My employer is basically already using the new law as an excuse to trash our plan, which used to be quite good.

I think things are going to a lot WORSE for most people, with some gains for people who were just grievously screwed under the old system - the people who couldn't get insurance for ANY price. Those folks will just go from being 100% uninsurable to being impoverished by their insurance. Unfortunately, I'll be joining them.

(Again, you're welcome to dissuade me and I will gladly eat my words...but I wouldn't trust this dog's breakfast of an administration on anything)
posted by Frowner at 2:40 PM on September 12, 2011


Raised my premium, raised my annual deductible (outrageously) and cut back the services I will receive. The only "plus" to this has been getting one free physical checkup a year.

What am I not seeing or understanding?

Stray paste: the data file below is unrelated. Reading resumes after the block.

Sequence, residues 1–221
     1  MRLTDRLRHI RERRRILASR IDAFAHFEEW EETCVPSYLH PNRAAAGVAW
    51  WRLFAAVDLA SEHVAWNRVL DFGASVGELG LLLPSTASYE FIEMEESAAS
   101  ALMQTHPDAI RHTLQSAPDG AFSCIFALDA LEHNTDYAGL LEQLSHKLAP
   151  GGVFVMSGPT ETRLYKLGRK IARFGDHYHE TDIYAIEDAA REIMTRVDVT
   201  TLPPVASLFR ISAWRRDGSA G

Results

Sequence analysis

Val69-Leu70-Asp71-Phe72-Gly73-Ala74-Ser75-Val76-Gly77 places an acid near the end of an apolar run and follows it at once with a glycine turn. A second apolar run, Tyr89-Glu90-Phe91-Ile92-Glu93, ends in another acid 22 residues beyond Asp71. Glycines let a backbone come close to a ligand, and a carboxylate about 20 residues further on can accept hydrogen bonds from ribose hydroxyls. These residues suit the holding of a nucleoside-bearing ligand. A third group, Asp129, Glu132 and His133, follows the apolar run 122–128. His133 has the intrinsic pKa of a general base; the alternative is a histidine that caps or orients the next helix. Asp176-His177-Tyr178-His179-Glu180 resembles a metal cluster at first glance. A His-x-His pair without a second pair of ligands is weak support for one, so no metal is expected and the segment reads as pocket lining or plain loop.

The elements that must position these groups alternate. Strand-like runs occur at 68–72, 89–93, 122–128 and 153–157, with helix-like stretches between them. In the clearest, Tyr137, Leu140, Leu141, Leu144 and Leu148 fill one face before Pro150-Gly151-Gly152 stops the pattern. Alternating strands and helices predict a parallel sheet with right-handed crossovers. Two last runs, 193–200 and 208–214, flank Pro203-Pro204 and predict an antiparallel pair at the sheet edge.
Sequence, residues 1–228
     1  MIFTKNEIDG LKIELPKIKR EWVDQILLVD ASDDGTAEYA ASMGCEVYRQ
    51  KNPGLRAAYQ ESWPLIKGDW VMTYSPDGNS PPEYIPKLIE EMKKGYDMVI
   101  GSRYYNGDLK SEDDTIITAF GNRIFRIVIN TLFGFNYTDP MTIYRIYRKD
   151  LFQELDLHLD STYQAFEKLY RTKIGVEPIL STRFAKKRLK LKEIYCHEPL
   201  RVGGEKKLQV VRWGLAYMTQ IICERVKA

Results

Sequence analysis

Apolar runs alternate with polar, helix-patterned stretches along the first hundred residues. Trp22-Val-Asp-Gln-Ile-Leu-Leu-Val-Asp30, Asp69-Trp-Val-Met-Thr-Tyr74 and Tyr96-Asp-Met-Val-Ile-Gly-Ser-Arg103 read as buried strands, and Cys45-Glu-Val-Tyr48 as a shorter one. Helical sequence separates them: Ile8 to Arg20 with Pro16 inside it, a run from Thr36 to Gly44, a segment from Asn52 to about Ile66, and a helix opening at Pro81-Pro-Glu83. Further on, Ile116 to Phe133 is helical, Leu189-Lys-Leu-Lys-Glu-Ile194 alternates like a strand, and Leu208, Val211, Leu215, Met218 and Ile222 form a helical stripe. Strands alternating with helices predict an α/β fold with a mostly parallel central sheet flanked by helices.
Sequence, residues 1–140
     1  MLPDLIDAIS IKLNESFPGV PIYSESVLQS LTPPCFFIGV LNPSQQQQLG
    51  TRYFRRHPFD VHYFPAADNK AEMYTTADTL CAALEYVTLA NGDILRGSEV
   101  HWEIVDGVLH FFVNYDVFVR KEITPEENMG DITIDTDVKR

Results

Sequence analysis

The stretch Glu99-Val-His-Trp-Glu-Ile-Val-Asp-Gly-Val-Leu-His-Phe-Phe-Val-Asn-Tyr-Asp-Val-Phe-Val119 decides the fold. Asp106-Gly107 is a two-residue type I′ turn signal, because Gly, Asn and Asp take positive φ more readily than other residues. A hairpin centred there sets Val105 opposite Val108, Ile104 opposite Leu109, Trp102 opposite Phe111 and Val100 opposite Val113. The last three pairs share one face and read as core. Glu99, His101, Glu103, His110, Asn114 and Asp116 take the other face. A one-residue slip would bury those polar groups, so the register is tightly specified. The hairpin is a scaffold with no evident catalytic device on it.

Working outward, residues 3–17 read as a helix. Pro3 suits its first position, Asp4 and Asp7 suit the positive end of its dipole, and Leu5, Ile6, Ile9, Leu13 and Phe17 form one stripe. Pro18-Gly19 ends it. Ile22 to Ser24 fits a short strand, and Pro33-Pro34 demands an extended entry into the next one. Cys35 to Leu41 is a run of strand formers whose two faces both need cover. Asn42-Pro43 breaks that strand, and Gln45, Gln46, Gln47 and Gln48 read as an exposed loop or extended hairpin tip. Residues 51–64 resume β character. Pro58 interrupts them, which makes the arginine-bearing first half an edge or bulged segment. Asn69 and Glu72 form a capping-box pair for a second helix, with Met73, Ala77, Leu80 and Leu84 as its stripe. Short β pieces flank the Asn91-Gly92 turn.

Insurers have been doing the same thing every year for over a decade, which was a big part of the impetus for trying to reform health care. Keep in mind too that your employer, if that is who you have your insurance through, shapes the cost and benefits offered through your health plan. Both may see a convenient scapegoat in the health care reform legislation.
posted by Good Brain at 2:55 PM on September 12, 2011


Here's what I expect to happen: Most large employers will worsen (or get rid of) the coverage they provide employees in an attempt to force employees into the market, figuring that the fines for doing this are cheaper than providing insurance.